Will Fuller Emerges as Top Receiver in 2014

Author: Casey Nash

Will Fuller Emerges as Top Receiver in 2014Sara Spittler

In a season of ups and downs, one player solidified his place as Notre Dame’s biggest aerial threat: sophomore wide receiver and Notre Dame Offensive Player of the Year Will Fuller.

Fuller broke through a tough preseason competition at the wide receiver position, emerging as the leader of the receiving corps.  His 1,094 total receiving yards, 21st in the nation for 2014, place him in the midst of college football’s elite pass catchers.  

He caught more passes this year than any sophomore in Notre Dame history, shattering Golden Tate’s 2008 mark for receptions. Fuller’s 15 receiving touchdowns placed him third overall in the FBS, one spot below Alabama’s Biletnikoff Award winner, Amari Cooper.  He was also placed on the list of All-American Honorable Mentions for 2014.

His rise to become the Irish’s top target has been meteoric. As a standout high school player in Philadelphia’s Catholic League, Fuller had impressive speed but not ideal Division-I size. The lanky young wideout decommitted from Penn State to sign with Brian Kelly and the Irish; his only other major offers came from Rutgers, Boston College and Temple. What he lacked in size, Fuller made up for in intangibles.  

While recruiting Fuller, Brian Kelly said, “His ball skills were outstanding. His top-end speed was outstanding. Tracking the ball with that kind of speed is a rare commodity, and those are the two things that stood out.”

Rather than take a full redshirt year to adjust to the college game, Fuller made an immediate impact. He started in three games and saw playing time in all of them. His 26.7 yards per catch led the team in 2013.

With nine catches for 89 yards in Notre Dame’s early-season blowout of Michigan, Fuller made his first case as the team’s top target. He garnered early praise from senior quarterback Everett Golson.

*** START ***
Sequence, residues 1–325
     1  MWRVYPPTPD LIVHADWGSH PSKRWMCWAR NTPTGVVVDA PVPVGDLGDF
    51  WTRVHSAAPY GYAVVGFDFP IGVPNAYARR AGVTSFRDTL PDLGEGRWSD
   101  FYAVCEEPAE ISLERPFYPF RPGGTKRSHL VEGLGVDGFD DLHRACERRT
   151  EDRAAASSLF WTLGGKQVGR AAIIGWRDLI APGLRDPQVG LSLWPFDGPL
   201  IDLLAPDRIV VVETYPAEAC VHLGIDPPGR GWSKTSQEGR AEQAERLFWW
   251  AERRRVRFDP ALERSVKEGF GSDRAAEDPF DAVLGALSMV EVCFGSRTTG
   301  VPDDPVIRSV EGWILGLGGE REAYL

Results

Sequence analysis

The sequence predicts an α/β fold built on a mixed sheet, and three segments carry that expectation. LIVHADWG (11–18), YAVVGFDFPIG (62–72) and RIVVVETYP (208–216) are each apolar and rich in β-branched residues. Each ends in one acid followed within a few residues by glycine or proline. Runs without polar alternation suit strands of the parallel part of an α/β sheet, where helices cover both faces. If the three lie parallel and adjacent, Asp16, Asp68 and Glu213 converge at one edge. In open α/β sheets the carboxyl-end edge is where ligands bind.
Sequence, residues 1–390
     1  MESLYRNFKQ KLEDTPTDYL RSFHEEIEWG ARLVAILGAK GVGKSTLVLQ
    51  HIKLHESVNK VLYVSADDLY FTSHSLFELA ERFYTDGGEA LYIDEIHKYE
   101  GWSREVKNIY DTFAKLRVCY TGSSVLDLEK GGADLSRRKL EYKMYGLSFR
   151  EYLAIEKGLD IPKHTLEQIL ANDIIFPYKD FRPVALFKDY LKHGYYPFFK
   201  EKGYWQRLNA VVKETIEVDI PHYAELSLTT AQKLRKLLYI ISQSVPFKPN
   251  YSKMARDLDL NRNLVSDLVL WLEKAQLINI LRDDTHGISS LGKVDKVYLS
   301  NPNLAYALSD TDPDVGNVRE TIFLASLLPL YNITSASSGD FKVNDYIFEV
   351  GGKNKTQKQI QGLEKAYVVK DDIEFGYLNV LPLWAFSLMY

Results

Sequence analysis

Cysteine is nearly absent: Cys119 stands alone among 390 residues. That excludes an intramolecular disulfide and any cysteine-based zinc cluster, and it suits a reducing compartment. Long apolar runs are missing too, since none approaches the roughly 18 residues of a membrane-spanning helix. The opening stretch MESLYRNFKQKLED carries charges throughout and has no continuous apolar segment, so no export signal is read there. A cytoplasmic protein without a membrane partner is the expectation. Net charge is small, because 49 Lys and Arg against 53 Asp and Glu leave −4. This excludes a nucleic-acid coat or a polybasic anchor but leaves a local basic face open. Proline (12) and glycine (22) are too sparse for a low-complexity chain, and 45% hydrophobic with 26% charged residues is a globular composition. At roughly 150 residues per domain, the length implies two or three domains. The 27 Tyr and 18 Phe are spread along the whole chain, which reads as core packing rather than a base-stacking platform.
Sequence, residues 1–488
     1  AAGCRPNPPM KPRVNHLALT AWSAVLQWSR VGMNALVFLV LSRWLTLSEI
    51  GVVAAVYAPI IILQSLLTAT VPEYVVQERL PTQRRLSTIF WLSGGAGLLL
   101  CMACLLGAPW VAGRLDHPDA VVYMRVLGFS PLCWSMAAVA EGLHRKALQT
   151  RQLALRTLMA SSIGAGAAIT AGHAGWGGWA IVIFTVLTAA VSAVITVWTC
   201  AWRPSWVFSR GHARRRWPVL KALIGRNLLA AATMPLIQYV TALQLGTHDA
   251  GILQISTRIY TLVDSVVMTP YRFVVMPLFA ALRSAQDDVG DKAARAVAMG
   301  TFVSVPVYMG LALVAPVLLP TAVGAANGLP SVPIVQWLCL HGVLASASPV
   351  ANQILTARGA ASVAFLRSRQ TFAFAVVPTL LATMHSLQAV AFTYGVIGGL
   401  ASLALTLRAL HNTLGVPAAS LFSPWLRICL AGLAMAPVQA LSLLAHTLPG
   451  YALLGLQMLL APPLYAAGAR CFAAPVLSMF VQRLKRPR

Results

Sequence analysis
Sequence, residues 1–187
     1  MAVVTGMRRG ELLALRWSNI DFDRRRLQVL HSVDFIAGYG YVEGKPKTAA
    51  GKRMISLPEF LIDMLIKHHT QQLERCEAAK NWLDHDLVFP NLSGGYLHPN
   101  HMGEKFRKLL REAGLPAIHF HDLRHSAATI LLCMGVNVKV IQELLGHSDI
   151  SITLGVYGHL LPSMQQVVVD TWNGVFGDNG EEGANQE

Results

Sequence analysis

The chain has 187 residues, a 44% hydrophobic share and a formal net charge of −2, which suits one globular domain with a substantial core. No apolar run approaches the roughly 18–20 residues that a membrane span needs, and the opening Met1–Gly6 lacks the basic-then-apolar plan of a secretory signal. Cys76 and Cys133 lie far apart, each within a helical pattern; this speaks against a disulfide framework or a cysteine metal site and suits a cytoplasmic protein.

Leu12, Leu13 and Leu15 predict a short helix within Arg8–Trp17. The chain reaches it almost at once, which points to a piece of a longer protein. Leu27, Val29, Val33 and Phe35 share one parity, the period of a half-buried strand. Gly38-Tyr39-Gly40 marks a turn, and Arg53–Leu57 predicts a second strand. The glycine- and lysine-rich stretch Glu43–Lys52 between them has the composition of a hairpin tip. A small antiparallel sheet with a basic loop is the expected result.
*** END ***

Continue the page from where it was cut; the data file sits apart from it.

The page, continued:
“If I was that corner [covering Fuller], it would be scary for me just knowing how versatile he is,” Golson said.  

His breakout game came against Syracuse, where he had six catches for 119 yards and two touchdowns. His breakaway ability was on full display with a 72-yard touchdown catch in which he torched one-on-one coverage and used pure speed to score. The deep ball was a common theme for Fuller this season, but it’s not the only aspect of his game.  By no means a one-dimensional player, he displayed great hands and a strong ability to catch the ball in traffic. Scoring ability, however, may be his biggest asset. Fuller had as many receiving touchdowns as the rest of the team combined. 

“Last year I hardly played,” Fuller said. “This year at the beginning of camp, I wasn’t even starting.  I felt like I was going to be a role player. It’s still a dream.”  

As important as talent and preparation may be, Fuller feels he has one other quality that gives him an advantage on the field.  

“The biggest thing is confidence,” Fuller said. “A player in general without any confidence — it’s hard to really have any success. You can play as well as where your confidence level is.”

The Irish bring back nearly all of their primary receivers for 2015. With all that returning talent, this unit will likely be one of the team’s strongest. Look for Will Fuller to land high on 2015 preseason award watch lists.  

With Fuller’s place as the top Irish target solidified, defenses will likely key heavily on him next season. This may pose new challenges for both him as an individual and the entire offense. A quarterback controversy could also be problematic, as sophomore quarterback Malik Zaire will make his case against senior Everett Golson for the starting spot. The receiving corps will have to be ready to catch passes from either QB, which also requires being comfortable with throws made by a lefty and a righty. 

The Irish will also likely need to spread the ball around more than in 2014.  Look for Brian Kelly to place increased emphasis on the short passing game, especially screens, which worked well for other dynamic passing teams like Oregon in 2014. The spacing such a system provides could give Fuller opportunities to make plays in the open field and have another strong season.